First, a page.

Eating African Style

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Eating African Style

African cuisine is as diverse as the continent’s geography – so whether it’s tagines in Morocco, fufu in Accra or bokkoms on the West Coast of South Africa, the continent’s colourful cuisine is a journey worth taking. By Elizabeth Badenhorst. 

Africa’s culinary language is a fascinating one – sometimes dictated by landscape, sometimes dictated by culture and, often, necessity has provided the space for creativity.

North Africa’s fragrant tagines cooked in iconic clay pots boast a sweet-and-sour marriage that sings thanks to the addition of dates, honey, briny olives and preserved lemons. Couscous meals that feature spicy merguez sausages, braised lamb, a vegetable broth and a couscous mount (from rolled semolina flour) are traditionally enjoyed by the extended family dining together around one central platter. For added kick, try the condiment traditionally served with this meal – harissa, made from pounded chillies, vinegar and cumin.

Bastilla is a pigeon pie that is toasted in the pan and sprinkled with cinnamon – a Moroccan specialty not to be missed, even if chicken often replaces the more traditional pigeon these days. Another Moroccan dish that has travelled the world is Mechoui, grilled lamb topped with traditional spices. North African spices are justly famous, the best known being Ras el Hanout, meaning the vendor’s ‘top blend’, and can include cumin, cardamom, cloves, ginger and turmeric, to name just a few. North African food is fragrant but never overly spicy and the hot stuff is usually served on the side.

Mint tea is a staple and should be enjoyed while haggling with spice and carpet vendors, after a couscous meal or whenever you need a breather. Don’t leave without a sweet, sticky pastry – dripping with local honey and covered in nuts – or try out a spot of halva, which is decadent and sinfully delicious.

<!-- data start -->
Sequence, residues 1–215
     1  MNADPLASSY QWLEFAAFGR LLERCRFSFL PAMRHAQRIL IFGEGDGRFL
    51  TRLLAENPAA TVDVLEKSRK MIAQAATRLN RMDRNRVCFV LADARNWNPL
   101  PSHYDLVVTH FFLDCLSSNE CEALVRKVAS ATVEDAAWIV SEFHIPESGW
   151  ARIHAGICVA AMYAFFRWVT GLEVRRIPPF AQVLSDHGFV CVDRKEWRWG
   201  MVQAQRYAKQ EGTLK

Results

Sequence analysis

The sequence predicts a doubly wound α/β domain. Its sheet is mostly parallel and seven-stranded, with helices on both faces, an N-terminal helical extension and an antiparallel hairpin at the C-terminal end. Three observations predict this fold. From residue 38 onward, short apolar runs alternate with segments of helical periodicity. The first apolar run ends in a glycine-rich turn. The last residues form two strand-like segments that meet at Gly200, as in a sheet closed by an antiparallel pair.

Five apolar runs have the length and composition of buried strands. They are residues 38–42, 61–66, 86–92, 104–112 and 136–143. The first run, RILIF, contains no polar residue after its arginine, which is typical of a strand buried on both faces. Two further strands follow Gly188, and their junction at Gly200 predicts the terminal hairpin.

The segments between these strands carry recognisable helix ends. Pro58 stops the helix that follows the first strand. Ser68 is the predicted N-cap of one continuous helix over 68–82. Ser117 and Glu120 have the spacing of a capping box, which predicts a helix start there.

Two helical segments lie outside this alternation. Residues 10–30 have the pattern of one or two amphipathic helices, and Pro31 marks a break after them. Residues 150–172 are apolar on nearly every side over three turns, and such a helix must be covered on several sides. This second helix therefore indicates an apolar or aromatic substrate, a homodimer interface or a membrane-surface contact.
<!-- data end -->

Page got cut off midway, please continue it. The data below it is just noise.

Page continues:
West Africa’s braised fish and chicken dishes impress – like Senegal’s Yassa chicken – with Nigeria’s ‘red sauce’ travelling as far as New York and leaving a mark. Suya is a favourite in West Africa – it’s a type of shish kebab with spices cooked on the barbeque. In Ghana, you’ll get fufu –yams, cassava or plantains boiled and pounded to a doughy consistency and eaten dipped in a sauce or soup. Then there is Kenkey – a type of sourdough dumpling dished up with soup. Jollof rice is a hit in Senegal, as is Thieboudienne – a fish dish.

In Nigeria, try the yam porridge (amala); acaraje (black-eyed peas) or Echicha, which consists of cassava, pigeon, peas and palm oilof Frejon – a coconut bean soup. In Ivory Coast, you just have to try the coffee – potent and roasted extra dark, it packs a convincing caffeine punch, strong enough to please the French and Italians. On the opposite side of the continent, Ethiopia is their main rival in the coffee stakes. Do try the traditional Ethiopian staple of a fermented pancake topped with a choice of spicy accompaniments, ranging from meat and vegetables to relishes.

East Africa, and the island of Zanzibar off Tanzania in particular, is home to a luxurious variety of spices – such as pepper, cinnamon and cloves – hence the name, ‘The Spice Islands’. The night market in Zanzibar’s Stone Town offers diners the chance to walk along the beachfront and taste as far as they go, as the grilled fish and other seafood smoking on the coals are that day’s catch and difficult to resist. In Somalia, there is Lahoh – a spongy bread – and in Kenya and Tanzania, try out Mandazi – a fried bread treat